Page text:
Former Sioux Falls mayor remembers previous shutdown - KSFY News - Sioux Falls, SD News, Weather, Sports

Former Sioux Falls mayor remembers the effects of the previous government shutdown

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Do you remember where you were November 14th or December 16th, 1995?

Those are the dates the federal government shutdown, back in the nineties.

Former Sioux Falls Mayor Gary Hanson remembers those days all too well.

Hanson remembers for some people, the shutdown was no big deal, while others actually embraced it.

But for the city of Sioux Falls to survive the shutdown and the loss of federal funds, he says it had to go into crisis mode to make sure we didn't suffer any more than necessary.

The federal government may promise money to fund projects in Sioux Falls but sometimes promises made, can be broken.

"Money doesn't show up, and doesn't show up for years, as matter of fact. And it's exacerbated by the fact when you have a federal government shutdown, then there's all the reason in the world for them to have the excuse why not to send the money that was promised to you," Hanson said.

Hanson remembers the nineties, and not everyone worried about the government not being up and running.

"Some people actually welcomed it because they felt the federal government was bloated, and so they thought hey this was the perfect opportunity to cut back perhaps on some of the federal government. I think a lot of us feel that way that there is just too much government," Hanson said.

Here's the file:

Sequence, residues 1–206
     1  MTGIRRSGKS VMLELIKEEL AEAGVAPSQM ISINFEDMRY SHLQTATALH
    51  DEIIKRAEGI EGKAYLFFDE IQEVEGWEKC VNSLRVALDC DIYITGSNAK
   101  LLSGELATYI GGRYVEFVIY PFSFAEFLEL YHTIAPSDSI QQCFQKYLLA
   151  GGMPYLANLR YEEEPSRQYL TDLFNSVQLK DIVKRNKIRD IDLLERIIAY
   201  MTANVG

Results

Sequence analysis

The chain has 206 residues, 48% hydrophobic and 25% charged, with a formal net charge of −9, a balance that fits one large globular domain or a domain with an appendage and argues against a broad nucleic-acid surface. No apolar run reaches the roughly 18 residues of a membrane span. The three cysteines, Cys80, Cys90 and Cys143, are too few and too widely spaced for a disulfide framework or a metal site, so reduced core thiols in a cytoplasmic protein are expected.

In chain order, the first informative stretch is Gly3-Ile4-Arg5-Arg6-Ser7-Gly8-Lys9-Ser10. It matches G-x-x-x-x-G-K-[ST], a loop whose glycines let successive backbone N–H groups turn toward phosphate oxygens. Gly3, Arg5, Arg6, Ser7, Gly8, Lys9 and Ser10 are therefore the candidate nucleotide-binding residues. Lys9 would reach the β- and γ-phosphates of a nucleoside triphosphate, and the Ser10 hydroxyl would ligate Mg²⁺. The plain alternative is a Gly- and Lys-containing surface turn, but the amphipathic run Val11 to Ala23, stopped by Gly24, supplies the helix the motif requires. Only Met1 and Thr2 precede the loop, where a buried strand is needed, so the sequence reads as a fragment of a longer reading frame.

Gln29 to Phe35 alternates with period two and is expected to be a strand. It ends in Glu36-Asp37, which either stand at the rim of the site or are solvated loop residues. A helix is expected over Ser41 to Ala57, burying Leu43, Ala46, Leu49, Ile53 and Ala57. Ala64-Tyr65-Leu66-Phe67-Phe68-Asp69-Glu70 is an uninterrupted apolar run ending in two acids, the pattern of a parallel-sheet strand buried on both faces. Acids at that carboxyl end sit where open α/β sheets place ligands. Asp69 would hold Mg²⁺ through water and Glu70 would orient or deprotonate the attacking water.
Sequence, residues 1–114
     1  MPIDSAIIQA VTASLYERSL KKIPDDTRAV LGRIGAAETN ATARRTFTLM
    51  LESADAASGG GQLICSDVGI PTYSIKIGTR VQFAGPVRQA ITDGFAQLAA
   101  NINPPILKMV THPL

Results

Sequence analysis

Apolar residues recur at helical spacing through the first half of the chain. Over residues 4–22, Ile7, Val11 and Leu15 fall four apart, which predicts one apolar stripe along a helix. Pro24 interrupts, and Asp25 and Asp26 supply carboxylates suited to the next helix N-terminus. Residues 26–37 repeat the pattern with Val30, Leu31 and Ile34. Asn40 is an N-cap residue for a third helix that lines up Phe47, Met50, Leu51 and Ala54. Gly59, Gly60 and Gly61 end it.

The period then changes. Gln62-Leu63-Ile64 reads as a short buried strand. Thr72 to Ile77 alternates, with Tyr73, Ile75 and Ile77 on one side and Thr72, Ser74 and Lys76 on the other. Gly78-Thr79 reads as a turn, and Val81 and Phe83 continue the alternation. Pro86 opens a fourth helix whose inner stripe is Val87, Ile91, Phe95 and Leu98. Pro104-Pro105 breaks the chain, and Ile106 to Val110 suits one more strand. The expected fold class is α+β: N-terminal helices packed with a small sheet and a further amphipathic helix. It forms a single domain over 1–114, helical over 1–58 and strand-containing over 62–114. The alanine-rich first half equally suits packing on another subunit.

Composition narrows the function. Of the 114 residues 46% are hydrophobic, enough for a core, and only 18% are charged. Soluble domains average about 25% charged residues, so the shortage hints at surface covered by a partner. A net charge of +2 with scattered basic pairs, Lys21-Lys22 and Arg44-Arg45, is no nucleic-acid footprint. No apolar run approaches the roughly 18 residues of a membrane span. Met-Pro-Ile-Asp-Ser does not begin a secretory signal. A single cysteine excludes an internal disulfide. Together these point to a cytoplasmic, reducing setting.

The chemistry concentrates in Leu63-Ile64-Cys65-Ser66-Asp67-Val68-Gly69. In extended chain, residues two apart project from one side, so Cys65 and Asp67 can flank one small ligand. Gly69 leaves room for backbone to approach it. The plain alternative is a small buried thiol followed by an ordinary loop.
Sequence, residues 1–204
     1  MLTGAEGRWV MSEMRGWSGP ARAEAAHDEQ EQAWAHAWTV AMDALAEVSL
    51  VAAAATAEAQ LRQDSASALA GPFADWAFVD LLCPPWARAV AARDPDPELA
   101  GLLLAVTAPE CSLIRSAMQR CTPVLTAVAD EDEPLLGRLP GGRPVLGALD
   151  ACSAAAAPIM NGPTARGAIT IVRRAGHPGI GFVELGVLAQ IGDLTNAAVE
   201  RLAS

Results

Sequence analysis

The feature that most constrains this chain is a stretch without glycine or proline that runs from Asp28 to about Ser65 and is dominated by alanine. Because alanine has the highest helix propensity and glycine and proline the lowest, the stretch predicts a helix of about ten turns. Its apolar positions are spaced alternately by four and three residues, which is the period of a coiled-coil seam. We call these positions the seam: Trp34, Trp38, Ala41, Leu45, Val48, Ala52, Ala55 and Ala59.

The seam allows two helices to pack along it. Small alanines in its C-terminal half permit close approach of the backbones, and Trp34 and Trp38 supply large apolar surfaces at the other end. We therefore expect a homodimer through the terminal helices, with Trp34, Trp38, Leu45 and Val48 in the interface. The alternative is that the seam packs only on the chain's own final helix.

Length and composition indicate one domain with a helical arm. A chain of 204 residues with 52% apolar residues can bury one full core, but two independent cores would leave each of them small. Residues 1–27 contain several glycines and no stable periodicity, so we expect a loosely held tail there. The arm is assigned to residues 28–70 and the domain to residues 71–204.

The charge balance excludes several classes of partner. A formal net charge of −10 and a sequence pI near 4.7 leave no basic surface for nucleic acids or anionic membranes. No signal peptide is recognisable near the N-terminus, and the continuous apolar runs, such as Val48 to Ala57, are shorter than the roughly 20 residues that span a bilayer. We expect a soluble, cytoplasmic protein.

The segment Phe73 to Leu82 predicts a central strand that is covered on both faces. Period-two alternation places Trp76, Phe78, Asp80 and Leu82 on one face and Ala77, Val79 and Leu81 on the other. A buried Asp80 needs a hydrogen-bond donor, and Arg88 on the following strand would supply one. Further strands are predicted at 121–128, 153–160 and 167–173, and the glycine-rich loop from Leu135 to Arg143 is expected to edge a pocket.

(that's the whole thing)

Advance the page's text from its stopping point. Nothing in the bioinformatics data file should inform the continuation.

And he says for some people in Sioux Falls, the shutdown was a non-event," Hanson said.

"It took place, and it didn't affect them at all, at least they didn't see that it affected them, because a lot of the necessary programs were still taking place, you had all of the city services that take place and Sioux Falls is not that terribly dependent upon the federal government," Hanson said.

But Hanson recalls some financial help from the federal government may be critical.

"Our public health center, where we have doctors providing medical services and nurses providing medical services to the community, especially those folks, that's designed for those folks who don't have the funds to go elsewhere. That was of great importance to us," Hanson said.

It's interesting that government funded health care, which is an issue in the current shutdown,  was a concern for the city during the last one.

There are many government services which people rely on, while others worry about how it spends money.

But Hanson said it's a balancing act.

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